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The bowel preparation for magnetic resonance enterography in patients with Crohn’s disease: study protocol for a randomized controlled trial
Trialsvolume 20, Article number: 1 (2019)
Adequate bowel preparation is required for magnetic resonance enterography (MRE), which can be achieved by administering contrast solution after mid-gut tubing or taking contrast solution orally. We present the design of randomized controlled trial (RCT) to compare the efficacy and compliance of bowel preparation between mid-gut tubing and oral administering for MRE in patients with Crohn’s disease (CD).
This is an open-label, multicenter RCT. Ninety-six patients with CD in need of MRE examination and mid-gut tubing (prepared for fecal microbiota transplantation and/or enteral nutrition), aged ≥ 14 years, will be included. Patients will be randomized 1:1 into either bowel preparation by oral administering (oral group) or bowel preparation through mid-gut transendoscopic enteral tubing (TET) (tubing group). The primary outcome measures are: (1) degree of discomfort before/during/after bowel preparation for MRE using a visual 5-grade scale (1 = few, 5 = very severe); and (2) grade of bowel distention evaluated by a 5-grade scale (1 = 0–20% segmental distention, 2 = 20–40% distention, 3 = 40–60% distention, 4 = 60–80% distention, 5 = 80–100% distention). The secondary outcome measure is the accuracy of lesion detection through MRE confirmed by colonoscopy which is evaluated by a 5-point scale.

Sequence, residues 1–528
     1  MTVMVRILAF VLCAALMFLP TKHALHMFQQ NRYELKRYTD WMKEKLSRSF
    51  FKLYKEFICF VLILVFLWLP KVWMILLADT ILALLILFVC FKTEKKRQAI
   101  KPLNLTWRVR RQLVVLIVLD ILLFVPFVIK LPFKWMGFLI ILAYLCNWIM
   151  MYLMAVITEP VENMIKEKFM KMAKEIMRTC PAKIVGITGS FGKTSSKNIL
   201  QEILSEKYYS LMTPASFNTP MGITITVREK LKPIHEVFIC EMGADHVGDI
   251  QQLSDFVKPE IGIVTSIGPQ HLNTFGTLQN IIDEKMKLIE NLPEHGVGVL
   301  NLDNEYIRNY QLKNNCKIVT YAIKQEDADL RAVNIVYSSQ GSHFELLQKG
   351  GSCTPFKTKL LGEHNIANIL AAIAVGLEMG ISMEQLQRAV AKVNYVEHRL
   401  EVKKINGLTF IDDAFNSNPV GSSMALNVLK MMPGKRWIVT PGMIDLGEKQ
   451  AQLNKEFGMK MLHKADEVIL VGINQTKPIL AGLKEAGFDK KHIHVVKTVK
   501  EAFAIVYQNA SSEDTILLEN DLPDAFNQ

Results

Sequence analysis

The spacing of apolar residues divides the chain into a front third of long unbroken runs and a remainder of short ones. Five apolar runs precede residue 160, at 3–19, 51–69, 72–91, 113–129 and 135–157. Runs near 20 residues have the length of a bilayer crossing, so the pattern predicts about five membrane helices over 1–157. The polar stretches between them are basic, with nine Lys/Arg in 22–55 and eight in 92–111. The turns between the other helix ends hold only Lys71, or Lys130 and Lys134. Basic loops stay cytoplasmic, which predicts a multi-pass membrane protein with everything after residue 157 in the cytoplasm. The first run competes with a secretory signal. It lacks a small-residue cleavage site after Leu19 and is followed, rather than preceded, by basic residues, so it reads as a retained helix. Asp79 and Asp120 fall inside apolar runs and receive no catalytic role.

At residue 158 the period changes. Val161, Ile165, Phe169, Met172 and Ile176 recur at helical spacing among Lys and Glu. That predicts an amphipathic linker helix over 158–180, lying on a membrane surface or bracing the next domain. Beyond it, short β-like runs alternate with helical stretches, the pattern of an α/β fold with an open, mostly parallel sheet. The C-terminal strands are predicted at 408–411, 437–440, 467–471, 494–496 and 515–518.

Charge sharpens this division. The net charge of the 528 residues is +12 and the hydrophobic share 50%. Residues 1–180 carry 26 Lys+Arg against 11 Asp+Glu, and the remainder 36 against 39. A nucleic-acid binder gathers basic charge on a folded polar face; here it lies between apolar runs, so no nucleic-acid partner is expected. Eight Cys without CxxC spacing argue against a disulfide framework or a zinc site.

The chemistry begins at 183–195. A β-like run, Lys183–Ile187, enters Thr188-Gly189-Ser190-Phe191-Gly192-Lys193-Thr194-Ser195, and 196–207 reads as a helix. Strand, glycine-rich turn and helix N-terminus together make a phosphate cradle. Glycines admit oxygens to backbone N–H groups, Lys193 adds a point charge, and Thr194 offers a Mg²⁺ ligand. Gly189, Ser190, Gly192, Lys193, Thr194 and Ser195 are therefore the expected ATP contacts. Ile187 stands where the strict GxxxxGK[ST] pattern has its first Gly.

The outcome of this study is expected to provide a novel effective clinical protocol of bowel preparation for MRE in patients with CD. We hope to highlight the concept of physician–patient satisfaction based on different methods of bowel preparation for MRE.
ClinicalTrials.gov, NCT03541733. Registered on 30 May 2018.